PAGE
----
Accountants, company secretaries may soon work under one roof
February, 06th 2012
Representatives of the professional bodies for chartered accountants (CAs), company secretaries and cost accountants will meet later this month to decide on ways members of the three institutes can work together in a limited liability partnership (LLP) firm.
The presidents of the Institute of Chartered Accountants of India (Icai), the Institute of Company Secretaries of India (Icsi) and the Institute of Cost and Works Accountants of India (Icwai) independently confirmed that the coordination committee of the three bodies will meet to decide on the modalities of framing multidisciplinary partnerships (MDPs) under the relatively new LLP structure.
An LLP is a business that combines the benefits of a limited liability company with the flexibility of a partnership firm. Although LLPs were allowed in 2008 through a law, accountants and company secretaries could not form MDPs because of regulatory hurdles.
Parliament in December, however, passed amendments to the three laws governing these institutes, allowing them to form MDPs. The amendments will permit as many as 100 CAs, cost accountants and company secretaries to work together as partners in the same company, allowing them to provide cost-effective services, operate branches in multiple locations, and create a brand for themselves.
The institute has already prepared an enabling framework for MDPs, and once a decision is taken in the coordination committee on how best we can work together under one roof, we look forward to several company secretary partnership firms to convert to MDP LLPs, said Nesar Ahmed, president of Icsi.
This will help these professionals work together and be responsible to their own institutions, Ahmed said.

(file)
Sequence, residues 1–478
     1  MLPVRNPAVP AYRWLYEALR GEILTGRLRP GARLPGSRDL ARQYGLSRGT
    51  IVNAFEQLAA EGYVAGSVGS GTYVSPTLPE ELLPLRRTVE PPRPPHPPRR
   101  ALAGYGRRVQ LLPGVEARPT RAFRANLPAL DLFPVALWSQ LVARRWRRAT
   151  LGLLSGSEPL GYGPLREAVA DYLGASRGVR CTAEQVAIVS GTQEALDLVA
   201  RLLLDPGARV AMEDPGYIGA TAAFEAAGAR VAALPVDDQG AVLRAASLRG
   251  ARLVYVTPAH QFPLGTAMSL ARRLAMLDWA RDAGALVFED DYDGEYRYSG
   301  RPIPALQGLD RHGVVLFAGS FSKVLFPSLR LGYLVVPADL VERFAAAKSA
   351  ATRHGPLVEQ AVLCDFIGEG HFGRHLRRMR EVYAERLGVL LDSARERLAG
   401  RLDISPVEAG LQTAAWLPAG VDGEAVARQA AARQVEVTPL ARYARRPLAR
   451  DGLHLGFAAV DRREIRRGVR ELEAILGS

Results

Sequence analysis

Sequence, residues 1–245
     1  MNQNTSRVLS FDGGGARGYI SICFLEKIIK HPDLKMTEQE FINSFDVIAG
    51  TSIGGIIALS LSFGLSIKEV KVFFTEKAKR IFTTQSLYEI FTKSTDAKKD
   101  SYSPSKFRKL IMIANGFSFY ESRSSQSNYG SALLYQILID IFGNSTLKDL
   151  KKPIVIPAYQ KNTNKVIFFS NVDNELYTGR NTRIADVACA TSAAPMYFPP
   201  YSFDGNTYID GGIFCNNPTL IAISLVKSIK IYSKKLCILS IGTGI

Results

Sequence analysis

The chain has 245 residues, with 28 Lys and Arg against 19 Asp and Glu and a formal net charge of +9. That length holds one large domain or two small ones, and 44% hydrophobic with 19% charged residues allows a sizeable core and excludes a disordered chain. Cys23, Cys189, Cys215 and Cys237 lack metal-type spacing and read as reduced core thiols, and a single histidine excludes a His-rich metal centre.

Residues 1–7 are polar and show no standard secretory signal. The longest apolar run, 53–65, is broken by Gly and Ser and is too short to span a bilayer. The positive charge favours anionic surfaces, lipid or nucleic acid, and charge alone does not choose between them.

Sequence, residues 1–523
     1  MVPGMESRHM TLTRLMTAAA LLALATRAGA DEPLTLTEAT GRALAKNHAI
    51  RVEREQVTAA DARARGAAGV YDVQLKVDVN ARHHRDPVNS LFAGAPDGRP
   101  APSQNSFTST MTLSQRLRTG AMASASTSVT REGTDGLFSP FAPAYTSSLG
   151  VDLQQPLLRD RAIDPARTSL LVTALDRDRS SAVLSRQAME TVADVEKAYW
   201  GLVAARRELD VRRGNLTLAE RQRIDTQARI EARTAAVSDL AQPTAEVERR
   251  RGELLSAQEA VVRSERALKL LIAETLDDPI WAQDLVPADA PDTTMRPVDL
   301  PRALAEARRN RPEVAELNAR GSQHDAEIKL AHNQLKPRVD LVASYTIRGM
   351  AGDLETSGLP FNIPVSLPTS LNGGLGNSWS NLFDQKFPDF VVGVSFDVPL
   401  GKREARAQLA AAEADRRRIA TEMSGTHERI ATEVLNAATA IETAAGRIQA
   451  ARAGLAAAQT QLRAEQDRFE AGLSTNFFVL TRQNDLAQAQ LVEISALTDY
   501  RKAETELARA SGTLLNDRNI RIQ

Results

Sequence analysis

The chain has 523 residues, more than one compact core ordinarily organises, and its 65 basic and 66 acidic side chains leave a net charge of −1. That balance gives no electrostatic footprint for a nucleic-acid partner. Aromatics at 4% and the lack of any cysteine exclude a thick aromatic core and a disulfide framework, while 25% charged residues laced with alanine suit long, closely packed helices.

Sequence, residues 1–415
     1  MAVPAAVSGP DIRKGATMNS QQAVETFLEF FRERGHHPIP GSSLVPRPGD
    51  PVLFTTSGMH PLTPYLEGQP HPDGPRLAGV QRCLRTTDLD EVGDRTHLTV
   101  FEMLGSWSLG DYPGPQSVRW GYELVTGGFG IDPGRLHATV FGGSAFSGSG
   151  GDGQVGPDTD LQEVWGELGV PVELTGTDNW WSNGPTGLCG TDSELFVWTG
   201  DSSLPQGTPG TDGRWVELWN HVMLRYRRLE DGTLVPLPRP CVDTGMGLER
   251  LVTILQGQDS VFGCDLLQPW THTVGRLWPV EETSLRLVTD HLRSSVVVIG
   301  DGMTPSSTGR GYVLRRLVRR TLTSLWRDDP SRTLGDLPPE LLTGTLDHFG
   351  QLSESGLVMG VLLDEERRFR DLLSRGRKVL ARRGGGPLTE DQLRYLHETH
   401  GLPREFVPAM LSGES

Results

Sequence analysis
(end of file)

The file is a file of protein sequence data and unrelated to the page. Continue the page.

Professional firms can currently have as many as 20 partners under the Partnership Act of 1932. These firms work under the principle of collective responsibility, making all partners liable for the wrongdoings of one. But under an LLP, each one will have a limited liability and, thus, responsible only for his or her own wrongdoings.
Icai president G. Ramaswamy said the body has already developed guidelines on how CAs will work under MDPs, whether they will call the MDP an audit firm if it has a larger number of CAs, how much will CAs spend on things such as brand development, what happens when a partner increases his stake, among other things.
All these will be discussed at the meeting of the core committee, which we expect to be held as soon as the new president of Icai and a council are elected, said Ramaswamy.
Icai will elect a new president next week. The central council is a core group of Icai members, which takes decisions and represents the institute in meetings with the government and other organizations.
Sunil Talati, a former president of Icai, said that while he is excited about converting his firm into a MDP under the LLP structure, there are issues that have to be sorted out.
For instance, if I register Talati and Talati CAs LLP, my company secretary and cost accountant partners will not be happy as this will appear more like a CA-dominant firm. So will the company be allowed to change its name when partnership pattern changes? said Talati.
These are things that MCA (ministry of corporate affairs) has to clarify and the respective institutes have to agree with, so that no confusion occurs once MDPs are formed, said Talati.
M. Gopalakrishnan, president of Icwai, said it will take four-five months for MDP LLPs to start rolling out as MCA will take some time to notify the business rules for such entities.
However, there is no doubt this will give smaller accountants and company secretaries a chance to grow and serve their clients in a seamless manner, said Gopalakrishnan.
More than 7,500 LLPs have registered since India allowed the structure. An MCA official, requesting anonymity, said the ministry is working on developing guidelines for MDPs so that such business structures can start operations next fiscal.